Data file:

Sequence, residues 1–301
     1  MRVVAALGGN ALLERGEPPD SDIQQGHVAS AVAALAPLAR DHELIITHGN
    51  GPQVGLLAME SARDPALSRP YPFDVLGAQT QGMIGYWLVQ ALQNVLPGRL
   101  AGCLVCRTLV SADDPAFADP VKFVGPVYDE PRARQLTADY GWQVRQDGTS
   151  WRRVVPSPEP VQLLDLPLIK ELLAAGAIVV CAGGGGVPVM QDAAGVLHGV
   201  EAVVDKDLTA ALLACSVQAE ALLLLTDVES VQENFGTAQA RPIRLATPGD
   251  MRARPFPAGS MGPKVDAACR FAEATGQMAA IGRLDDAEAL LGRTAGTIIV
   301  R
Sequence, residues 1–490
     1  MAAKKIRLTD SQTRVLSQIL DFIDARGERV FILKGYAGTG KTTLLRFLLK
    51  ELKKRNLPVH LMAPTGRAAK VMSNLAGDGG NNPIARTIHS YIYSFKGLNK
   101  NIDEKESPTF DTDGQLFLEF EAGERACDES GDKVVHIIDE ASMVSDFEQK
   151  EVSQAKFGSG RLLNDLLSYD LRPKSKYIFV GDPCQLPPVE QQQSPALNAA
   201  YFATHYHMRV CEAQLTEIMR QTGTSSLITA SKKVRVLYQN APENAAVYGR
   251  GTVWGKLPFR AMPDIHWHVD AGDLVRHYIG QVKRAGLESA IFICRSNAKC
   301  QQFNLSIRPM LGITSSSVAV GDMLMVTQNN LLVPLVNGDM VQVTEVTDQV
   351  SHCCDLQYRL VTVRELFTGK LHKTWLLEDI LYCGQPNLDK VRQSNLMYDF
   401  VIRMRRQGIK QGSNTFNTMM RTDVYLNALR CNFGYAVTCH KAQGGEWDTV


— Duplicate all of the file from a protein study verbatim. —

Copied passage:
Sequence, residues 1–301
     1  MRVVAALGGN ALLERGEPPD SDIQQGHVAS AVAALAPLAR DHELIITHGN
    51  GPQVGLLAME SARDPALSRP YPFDVLGAQT QGMIGYWLVQ ALQNVLPGRL
   101  AGCLVCRTLV SADDPAFADP VKFVGPVYDE PRARQLTADY GWQVRQDGTS
   151  WRRVVPSPEP VQLLDLPLIK ELLAAGAIVV CAGGGGVPVM QDAAGVLHGV
   201  EAVVDKDLTA ALLACSVQAE ALLLLTDVES VQENFGTAQA RPIRLATPGD
   251  MRARPFPAGS MGPKVDAACR FAEATGQMAA IGRLDDAEAL LGRTAGTIIV
   301  R
Sequence, residues 1–490
     1  MAAKKIRLTD SQTRVLSQIL DFIDARGERV FILKGYAGTG KTTLLRFLLK
    51  ELKKRNLPVH LMAPTGRAAK VMSNLAGDGG NNPIARTIHS YIYSFKGLNK
   101  NIDEKESPTF DTDGQLFLEF EAGERACDES GDKVVHIIDE ASMVSDFEQK
   151  EVSQAKFGSG RLLNDLLSYD LRPKSKYIFV GDPCQLPPVE QQQSPALNAA
   201  YFATHYHMRV CEAQLTEIMR QTGTSSLITA SKKVRVLYQN APENAAVYGR
   251  GTVWGKLPFR AMPDIHWHVD AGDLVRHYIG QVKRAGLESA IFICRSNAKC
   301  QQFNLSIRPM LGITSSSVAV GDMLMVTQNN LLVPLVNGDM VQVTEVTDQV
   351  SHCCDLQYRL VTVRELFTGK LHKTWLLEDI LYCGQPNLDK VRQSNLMYDF
   401  VIRMRRQGIK QGSNTFNTMM RTDVYLNALR CNFGYAVTCH KAQGGEWDTV